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First and foremost, I had a great time! The H2R is definitely the most visceral experience I have ever had.......

It also had some glaringly bad problems, compounded by its tremendous output. The throttle map was some kind of sick joke. It’s like an on/off switch and I could not modulate properly mid-corner. It was absolutely unusable in 1st or 2nd gear, and even just attempting to cruise at 50MPH down pit lane resulted in all kinds of surging and bucking. Who the **** at Kawasaki let this go into final production?? The other major problem was headshake under hard acceleration. ................
They all have that ultra-sensitive throttle to some extent, as you say like an on/off switch. I've got used to it on my H2, learning to open it just a fraction and covering the clutch and rear brake when in traffic but it's only at low rpm. There's a switch point just below 3,000rpm and you need to keep away from it to avoid the "surging and bucking" you describe. It seems worse if you jump onto an H2 after riding anything else. It's a characteristic of the H2 that's been worked on by people offering ECU flashing and mods, probably more than anything else.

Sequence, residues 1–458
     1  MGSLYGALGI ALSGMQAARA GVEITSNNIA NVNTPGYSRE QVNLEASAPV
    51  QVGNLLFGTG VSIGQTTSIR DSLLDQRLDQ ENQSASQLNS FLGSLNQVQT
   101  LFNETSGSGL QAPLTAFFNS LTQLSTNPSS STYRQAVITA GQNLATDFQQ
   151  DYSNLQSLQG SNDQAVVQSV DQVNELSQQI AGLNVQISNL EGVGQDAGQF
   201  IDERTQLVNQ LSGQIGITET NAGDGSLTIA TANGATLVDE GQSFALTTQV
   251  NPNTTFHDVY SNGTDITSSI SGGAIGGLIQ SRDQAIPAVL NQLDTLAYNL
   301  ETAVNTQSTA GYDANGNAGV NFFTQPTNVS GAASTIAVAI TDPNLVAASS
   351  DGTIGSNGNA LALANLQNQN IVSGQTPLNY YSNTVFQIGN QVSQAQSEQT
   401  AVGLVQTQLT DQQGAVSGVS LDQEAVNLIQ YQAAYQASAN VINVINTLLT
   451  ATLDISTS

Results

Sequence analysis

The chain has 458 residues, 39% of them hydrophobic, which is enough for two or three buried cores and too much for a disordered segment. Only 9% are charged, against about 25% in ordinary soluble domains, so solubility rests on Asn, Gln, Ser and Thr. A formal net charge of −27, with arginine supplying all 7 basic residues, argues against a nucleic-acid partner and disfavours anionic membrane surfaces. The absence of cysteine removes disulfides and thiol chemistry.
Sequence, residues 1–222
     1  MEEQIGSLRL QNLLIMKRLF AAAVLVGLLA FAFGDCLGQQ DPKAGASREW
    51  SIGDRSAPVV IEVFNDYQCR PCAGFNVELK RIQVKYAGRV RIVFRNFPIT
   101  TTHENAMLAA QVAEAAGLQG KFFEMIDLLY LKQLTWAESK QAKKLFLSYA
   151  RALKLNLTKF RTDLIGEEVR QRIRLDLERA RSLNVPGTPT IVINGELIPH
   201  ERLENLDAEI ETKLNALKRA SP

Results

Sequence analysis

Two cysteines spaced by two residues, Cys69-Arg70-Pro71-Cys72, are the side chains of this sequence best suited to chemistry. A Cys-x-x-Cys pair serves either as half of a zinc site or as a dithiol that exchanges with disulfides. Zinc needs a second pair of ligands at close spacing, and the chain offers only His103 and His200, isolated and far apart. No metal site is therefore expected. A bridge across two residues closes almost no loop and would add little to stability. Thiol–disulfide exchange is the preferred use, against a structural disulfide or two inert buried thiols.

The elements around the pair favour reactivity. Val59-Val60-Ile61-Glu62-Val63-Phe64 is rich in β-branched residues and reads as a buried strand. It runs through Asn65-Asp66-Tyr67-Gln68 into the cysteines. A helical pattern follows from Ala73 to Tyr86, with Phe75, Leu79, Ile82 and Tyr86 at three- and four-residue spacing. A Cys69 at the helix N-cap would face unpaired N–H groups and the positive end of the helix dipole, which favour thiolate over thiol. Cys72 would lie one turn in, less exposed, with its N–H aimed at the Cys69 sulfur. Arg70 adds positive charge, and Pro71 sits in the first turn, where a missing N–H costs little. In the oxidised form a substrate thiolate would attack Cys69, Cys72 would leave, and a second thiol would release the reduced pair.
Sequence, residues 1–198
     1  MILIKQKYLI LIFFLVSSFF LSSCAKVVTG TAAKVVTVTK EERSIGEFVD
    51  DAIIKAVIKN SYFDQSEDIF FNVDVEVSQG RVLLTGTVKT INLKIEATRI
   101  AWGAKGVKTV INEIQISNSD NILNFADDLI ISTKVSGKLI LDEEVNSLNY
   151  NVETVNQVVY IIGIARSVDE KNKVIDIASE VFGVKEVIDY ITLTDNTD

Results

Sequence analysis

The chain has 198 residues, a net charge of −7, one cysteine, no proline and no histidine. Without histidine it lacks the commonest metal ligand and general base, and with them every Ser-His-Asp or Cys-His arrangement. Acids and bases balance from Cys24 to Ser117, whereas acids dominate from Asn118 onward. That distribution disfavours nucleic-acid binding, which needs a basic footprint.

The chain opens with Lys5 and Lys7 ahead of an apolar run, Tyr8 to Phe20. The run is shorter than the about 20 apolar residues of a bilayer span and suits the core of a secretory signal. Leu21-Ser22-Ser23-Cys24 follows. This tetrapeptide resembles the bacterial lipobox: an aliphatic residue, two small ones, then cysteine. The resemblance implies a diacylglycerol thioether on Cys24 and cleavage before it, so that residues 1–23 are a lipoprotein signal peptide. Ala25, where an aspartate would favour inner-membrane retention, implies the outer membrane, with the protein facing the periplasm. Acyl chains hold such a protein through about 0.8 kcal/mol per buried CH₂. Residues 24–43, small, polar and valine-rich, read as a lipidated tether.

I've had no headshake at all and haven't heard anyone else mention it. In fact it's a very stable bike at all speeds.
 

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When I had my H2 flashed, remit was to settle the "snatchy on/off" throttle down, as you say, mid corner on the throttle is where you want control, prior to re-flahing mine actually felt dangerous

Rob
 

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I've had no headshake at all and haven't heard anyone else mention it. In fact it's a very stable bike at all speeds.
Bob that's because you're strictly an LSR guy, not an issue in just straight-line running.